Playing by the rules

As someone who started in h/j, then switched to eventing, then switched back to h/j, and now back to eventing – I can attest to how different some of the rules are. Lifelong eventers are often astounded by how much is allowed in h/j, while at the same time h/j-ers are often horrified by some of the seemingly strict rules of eventing. I see some of this come into play amongst bloggers as well, with such a diverse group, that sometimes don’t understand the rules of the other sport. Since I just finished re-reading the Eventing section of the rulebook for the second time (it’s titillating reading material) I thought I would pull out the ones that showed the biggest difference between the two disciplines. For good or for bad, like them are not, it’s fun to compare and contrast and get a better idea of each sport.

Send us your money eons in advance and hope disaster doesn’t strike


OPENING DATE. The opening date for entries for Horse Trials will be the Tuesday prior to the date that falls six weeks before the first day of the competition.

CLOSING DATE. The closing date for entries will be four weeks after the opening date.

When you go to enter an event, this is the first thing you notice. They officially start accepting entries over 6 weeks prior to the event date, and officially close for entries 4 weeks later. That means you have to enter well in advance of the event itself. Some shows accept late entries with a fee, but not all, and in fact if the event has limited entries and you don’t enter right around opening date, you run the risk of not making it in. That’s a very stark contrast to h/j, where entries are generally due a few days before but are accepted at any time with a late fee. And in that world you can even enter/scratch from classes on the day they’re happening. Much less stressful. Then again, this is how eventing is able to have start times instead of a lot of hurry up and wait, and start times are amazing.


Put your number on – we’re watching you


1. IDENTIFICATION NUMBERS – By 3:00 p.m. of the day prior to the start of the entire competition, or upon arrival if later, each horse, including non-competing horses, shall be issued a number. This number must be worn at all times when the horse is being ridden or exercised.

Basically, in eventing, if someone is sitting on the horse or the horse is being lunged, it must have it’s number on. This is because, as you’ll see below, there are fairly specific rules about who can ride or work the horse and HOW that horse can be ridden or worked, so it’s important that the officials be able to easily identify each horse by it’s number at any time. In h/j you just have to remember to put your number on by the time you go in the ring, and you certainly don’t need it for lunging, hacking, or schooling.


You can’t ride that horse


RESTRICTIONS ON SCHOOLING HORSES. It is forbidden, under penalty of disqualification, for anyone other than the competitor who will ride the horse in the competition to school the horse during the competition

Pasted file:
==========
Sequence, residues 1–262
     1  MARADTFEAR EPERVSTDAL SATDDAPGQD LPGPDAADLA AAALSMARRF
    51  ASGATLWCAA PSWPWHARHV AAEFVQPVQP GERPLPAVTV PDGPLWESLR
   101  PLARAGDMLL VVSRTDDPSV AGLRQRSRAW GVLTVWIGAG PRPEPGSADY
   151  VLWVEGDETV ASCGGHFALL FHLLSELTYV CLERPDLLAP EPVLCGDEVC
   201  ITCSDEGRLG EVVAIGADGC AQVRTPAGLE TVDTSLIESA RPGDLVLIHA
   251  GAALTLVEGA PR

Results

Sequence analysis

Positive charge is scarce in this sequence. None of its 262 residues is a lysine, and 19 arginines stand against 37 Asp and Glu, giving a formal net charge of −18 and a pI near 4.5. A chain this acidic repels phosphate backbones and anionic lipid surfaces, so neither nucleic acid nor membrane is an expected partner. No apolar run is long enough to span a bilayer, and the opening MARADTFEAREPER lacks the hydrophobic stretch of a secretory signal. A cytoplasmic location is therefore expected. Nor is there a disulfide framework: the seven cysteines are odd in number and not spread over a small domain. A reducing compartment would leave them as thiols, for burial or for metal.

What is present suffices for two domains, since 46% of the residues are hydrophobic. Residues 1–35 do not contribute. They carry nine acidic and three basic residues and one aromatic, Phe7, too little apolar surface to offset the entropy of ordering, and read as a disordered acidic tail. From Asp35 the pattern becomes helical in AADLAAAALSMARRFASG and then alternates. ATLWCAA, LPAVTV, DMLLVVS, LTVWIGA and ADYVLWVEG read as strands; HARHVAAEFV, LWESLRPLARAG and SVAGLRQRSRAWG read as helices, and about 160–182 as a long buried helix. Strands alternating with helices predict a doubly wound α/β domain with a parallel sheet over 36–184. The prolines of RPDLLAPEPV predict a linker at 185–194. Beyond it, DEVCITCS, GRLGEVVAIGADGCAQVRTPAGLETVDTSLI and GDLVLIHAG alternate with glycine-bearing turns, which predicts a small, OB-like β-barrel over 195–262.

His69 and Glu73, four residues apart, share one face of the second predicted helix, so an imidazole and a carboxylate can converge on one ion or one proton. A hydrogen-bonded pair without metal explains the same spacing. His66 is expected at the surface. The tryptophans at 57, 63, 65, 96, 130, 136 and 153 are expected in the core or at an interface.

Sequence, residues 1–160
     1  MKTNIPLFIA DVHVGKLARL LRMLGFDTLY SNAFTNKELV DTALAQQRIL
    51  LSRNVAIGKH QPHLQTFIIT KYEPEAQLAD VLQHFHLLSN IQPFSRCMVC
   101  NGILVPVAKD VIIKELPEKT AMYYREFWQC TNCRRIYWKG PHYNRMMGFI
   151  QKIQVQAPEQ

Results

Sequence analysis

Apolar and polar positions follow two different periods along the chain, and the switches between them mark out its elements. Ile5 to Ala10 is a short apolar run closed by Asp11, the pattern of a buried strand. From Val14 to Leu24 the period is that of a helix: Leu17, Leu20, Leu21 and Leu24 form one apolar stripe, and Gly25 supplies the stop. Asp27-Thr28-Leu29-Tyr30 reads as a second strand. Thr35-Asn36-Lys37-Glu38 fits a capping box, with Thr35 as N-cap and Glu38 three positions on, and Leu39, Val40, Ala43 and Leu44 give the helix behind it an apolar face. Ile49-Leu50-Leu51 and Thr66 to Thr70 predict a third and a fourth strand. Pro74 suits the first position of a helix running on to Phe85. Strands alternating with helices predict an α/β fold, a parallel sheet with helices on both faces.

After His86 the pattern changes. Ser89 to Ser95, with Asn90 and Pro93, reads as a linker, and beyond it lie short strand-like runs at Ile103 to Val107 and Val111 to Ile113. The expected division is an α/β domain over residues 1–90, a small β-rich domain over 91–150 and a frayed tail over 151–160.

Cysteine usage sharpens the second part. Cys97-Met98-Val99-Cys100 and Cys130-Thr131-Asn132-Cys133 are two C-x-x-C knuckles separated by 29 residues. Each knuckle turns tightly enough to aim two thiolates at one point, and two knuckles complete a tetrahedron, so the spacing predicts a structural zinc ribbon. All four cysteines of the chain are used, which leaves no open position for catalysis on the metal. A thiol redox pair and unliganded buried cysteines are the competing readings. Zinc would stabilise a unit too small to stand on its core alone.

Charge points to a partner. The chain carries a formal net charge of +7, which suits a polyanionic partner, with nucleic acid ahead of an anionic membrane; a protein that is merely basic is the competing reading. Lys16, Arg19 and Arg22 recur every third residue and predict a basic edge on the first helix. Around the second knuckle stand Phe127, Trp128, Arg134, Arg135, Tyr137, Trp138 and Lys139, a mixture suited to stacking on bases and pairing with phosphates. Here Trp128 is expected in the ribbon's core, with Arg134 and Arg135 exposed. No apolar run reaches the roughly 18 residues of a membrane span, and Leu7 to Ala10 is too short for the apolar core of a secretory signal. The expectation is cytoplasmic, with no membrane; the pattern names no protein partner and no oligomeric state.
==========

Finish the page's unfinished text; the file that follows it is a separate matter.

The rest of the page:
In h/j, anyone can ride any horse at any time on the showgrounds. Your Grandma Maxine could hop up there and warm your horse up for you before your class if you wanted her to. Not so in eventing. Only the person who is showing the horse is allowed to ride it at the competition. The only exception is a groom being allowed to walk or trot the horse just to get it from one place to another. That means no trainer rides or trainer warm-ups (unless the trainer is the one showing the horse), which is fairly standard practice in h/j.


Let’s help everyone not kill each other in the warm-up 

The only practice fences that competitors may jump are those flagged fences provided by the Organizer. No part of the fences may ever be held by anyone while a horse is jumping. These fences may not be raised more than 10 cm (4 inches) above the maximum height permitted for the competition in progress (or about to begin), nor may the spread exceed the maximum permitted. Ground lines may be placed directly under, or up to 1.00 meter (3’3”) in front of, the obstacle. These practice fences must be jumped in the correct direction.

In eventing warm-up rings, the warm-up jumps are flagged. You are only permitted to jump those fences, and in the correct direction, with the red flag to your right. In addition to that, you’re only allowed to jump a certain height fence in the warm-up – no more than 4″ higher than the maximum height of the level you’re competing in. The jumps are set to the appropriate height by the show staff in between divisions, and it’s rare that anyone actually changes the height of one. Usually there will be at least an oxer, a vertical, and a crossrail. Sometimes more fences, sometimes not. This is obviously a stark contrast to the h/j warm-up where you can jump the fences whichever way you want and change the height however much you want.